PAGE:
It is not only fiscal stimulus that is derided. Programs to spur job growth have been limited to relatively modest infrastructure investments and tax cuts, especially payroll tax cuts. Less obvious, the push by mainstream economists to explain income inequality almost solely in terms of inadequate education is deeply misleading. Such an expalantion neglects the low minimu wage, persistently high unemployment rates, the failure to implement labor organization laws, and on.

There have been new programs. A modest investment in infrastructure and tax cuts. We do have a healthcare bill, which we should applaud on balance. But none of this compares to the adventure of the New Deal, and in particular the Works Progress Administration, whose anniversary we are celebrating today. The WPA went out and hired Americas to do jobs, including building infrastructure. By some estimates, some 8 million jobs were created.

We need a wide range of New Deal ideas made contemporary: higher minimum wages, living wages, aggressive public investment, green investments, and on. Government will be the generator of these jobs. Some, but very few, argue we need outright public employment programs, just like the WPA.

What made that happen then? A more severe recession than now, for one thing. A far bolder president, for another.   

But the ideology of laissez faire still had to be defeated. Laissez faire was not mentioned by Smith, Ricardo, or Mathus, Keynes wrote. “Even the idea is not present in any form in these authors,” he said in “The End of Laissez Faire.” He went on, the public had “come to regard the simplified hypothesis as health and the further complications as disease.”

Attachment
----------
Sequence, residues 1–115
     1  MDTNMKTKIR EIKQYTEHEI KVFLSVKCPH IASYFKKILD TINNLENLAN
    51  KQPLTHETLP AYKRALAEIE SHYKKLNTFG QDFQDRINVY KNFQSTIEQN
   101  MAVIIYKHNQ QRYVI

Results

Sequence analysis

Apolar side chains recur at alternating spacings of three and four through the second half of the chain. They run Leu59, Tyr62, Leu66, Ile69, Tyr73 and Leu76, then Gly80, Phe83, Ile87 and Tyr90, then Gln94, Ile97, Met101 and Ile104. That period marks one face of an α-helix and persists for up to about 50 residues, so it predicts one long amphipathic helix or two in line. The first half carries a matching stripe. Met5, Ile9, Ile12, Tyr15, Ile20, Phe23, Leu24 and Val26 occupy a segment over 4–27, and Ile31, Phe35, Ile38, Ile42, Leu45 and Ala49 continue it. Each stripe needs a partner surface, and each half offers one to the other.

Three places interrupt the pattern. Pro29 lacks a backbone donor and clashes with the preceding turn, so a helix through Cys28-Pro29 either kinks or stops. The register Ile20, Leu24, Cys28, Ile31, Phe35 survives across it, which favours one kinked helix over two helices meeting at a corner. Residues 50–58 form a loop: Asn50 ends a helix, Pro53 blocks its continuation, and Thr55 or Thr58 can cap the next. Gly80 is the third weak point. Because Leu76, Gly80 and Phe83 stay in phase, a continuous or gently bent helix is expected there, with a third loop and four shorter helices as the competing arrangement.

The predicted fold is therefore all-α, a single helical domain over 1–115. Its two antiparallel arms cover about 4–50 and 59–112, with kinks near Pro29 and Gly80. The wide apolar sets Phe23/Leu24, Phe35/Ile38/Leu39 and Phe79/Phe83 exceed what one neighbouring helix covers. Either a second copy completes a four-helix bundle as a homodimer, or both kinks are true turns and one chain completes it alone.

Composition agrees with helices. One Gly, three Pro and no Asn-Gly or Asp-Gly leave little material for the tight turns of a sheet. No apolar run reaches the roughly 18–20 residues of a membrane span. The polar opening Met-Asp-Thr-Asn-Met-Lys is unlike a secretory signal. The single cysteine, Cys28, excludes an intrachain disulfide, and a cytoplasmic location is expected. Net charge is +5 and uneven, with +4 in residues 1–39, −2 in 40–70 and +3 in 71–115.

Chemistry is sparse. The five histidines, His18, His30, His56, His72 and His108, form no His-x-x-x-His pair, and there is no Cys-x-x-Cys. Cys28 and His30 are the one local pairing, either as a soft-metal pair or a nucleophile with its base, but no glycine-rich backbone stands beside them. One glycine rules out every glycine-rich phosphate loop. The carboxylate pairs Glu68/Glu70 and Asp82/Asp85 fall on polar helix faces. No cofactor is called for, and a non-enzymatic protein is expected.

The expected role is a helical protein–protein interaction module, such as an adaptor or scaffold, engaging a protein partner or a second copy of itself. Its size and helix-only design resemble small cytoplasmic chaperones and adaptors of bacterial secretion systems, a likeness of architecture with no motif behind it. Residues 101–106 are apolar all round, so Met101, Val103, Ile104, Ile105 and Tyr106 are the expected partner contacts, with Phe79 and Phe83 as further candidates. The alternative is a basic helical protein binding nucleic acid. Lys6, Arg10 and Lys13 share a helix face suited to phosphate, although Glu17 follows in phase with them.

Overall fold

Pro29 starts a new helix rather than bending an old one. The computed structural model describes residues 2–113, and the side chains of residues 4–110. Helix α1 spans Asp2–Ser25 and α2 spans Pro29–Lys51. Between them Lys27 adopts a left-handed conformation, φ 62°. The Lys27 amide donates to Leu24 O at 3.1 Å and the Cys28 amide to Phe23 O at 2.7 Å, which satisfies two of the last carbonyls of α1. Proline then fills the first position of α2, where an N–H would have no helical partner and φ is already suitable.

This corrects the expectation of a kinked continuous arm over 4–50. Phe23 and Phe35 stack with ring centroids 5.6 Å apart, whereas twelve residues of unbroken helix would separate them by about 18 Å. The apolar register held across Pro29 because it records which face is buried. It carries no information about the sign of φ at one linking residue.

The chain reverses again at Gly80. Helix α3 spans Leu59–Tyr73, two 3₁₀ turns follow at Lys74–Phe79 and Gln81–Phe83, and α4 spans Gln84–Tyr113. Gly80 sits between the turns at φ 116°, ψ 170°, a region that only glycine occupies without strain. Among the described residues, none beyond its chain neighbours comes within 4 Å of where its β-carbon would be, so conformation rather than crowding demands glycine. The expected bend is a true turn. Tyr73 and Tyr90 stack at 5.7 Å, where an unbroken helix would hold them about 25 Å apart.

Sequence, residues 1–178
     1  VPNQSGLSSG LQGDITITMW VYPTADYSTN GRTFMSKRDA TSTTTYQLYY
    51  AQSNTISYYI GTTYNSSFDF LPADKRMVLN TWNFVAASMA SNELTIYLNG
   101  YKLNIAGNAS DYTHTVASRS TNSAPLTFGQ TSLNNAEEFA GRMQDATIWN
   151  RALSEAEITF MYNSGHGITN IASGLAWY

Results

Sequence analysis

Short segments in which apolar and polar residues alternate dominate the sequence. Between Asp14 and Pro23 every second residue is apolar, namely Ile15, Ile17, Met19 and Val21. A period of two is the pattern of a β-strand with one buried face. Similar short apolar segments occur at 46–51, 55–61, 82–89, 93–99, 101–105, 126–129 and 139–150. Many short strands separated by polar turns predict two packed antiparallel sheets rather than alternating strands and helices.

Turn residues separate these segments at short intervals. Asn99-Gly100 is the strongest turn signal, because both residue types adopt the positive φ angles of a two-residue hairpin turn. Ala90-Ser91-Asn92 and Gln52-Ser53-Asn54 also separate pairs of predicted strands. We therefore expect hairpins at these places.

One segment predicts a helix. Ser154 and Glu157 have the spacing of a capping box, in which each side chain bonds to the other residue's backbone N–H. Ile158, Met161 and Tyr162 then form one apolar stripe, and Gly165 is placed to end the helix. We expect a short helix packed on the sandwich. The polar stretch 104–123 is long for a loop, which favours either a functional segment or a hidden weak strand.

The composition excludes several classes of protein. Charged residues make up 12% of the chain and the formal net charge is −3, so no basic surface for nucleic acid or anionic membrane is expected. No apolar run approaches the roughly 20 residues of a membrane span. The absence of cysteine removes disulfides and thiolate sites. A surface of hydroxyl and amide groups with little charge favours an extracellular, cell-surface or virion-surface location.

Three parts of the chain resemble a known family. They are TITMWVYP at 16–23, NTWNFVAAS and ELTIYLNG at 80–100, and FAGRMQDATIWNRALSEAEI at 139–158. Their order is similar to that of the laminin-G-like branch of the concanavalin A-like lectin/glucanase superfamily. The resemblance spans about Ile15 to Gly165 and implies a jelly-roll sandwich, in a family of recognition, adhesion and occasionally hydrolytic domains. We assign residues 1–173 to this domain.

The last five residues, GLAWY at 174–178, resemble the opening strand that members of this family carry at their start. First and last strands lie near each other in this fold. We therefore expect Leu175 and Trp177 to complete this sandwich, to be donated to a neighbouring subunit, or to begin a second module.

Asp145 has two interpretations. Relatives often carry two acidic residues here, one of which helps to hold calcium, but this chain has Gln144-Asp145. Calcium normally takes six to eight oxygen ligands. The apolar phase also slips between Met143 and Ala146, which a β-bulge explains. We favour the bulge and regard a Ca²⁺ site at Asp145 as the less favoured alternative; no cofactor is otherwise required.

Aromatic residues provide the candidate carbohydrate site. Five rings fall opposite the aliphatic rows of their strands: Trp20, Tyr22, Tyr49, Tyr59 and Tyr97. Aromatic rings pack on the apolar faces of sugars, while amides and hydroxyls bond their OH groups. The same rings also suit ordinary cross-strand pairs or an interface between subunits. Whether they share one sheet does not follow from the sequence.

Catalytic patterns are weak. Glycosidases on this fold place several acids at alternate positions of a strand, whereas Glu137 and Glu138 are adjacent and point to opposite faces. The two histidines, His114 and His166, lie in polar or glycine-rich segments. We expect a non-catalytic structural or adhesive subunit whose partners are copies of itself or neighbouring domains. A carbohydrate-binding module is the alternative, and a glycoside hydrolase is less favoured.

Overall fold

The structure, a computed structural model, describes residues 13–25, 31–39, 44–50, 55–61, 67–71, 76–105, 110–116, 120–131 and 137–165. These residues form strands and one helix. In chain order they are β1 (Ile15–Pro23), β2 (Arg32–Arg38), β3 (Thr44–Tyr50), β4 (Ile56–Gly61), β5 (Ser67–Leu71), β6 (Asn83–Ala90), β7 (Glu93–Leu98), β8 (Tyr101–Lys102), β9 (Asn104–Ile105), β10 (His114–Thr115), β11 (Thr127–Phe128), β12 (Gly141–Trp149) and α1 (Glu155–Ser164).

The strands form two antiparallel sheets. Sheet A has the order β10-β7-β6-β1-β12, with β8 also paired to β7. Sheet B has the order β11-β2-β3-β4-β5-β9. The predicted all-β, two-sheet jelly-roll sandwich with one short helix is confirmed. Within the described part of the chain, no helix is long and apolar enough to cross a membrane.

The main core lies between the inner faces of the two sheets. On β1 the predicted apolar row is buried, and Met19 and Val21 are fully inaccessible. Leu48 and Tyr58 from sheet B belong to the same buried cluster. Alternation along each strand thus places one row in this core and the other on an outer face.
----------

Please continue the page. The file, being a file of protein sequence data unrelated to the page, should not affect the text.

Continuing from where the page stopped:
Keynes blindly believed reason would prevail. The many over-simplifcations of laissez faire would become obvious, he optimistically thought. Sane criticism would prevail over simple ideology. For a while, he was right—a pretty long while. Arguably a version of Keynesian progressivism, which even included fixed exchange rates and plenty of social programs, especially in Europe, prevailed until the 1970s. Then it turned to over-simplifications and scapegoats, mainly driven by the painful inflationary economy of the 1970s.

Many are enamored of the idea that a revitalized right wing of effective think tanks, lobbying, and media disinformation ended progresssivm in the U.S. But that misreads history. Margaret Thatcher introduced stern anti-Keynesian policies well before the U.S. did at the start of the 1980s. Germany was anti-Keynesian throughout the 1970s. Ideas matter, and the acceptance of the idea of laissez faire regained the upper hand.

As we battle in memory of the marvelous WPA, we should keep in mind how intensely compelling laissez faire ideology is. It has captured, without their really noticing, the hearts and minds of most orthodox economists. As usual, it has the rich mostly on its side. If we recognize it is a tough, ongoing battle to defeat the simple version of it, we will fight it better. In the meantime, we can rejoice in how well we once did. That is the proof that we can win. American history can be repeated.

Roosevelt Institute Senior Fellow Jeff Madrick is the Director of the Roosevelt Institute’s Rediscovering Government initiative and author of Age of Greed

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Higher Ed Cuts Could Hold States and Students Back

Mar 21, 2013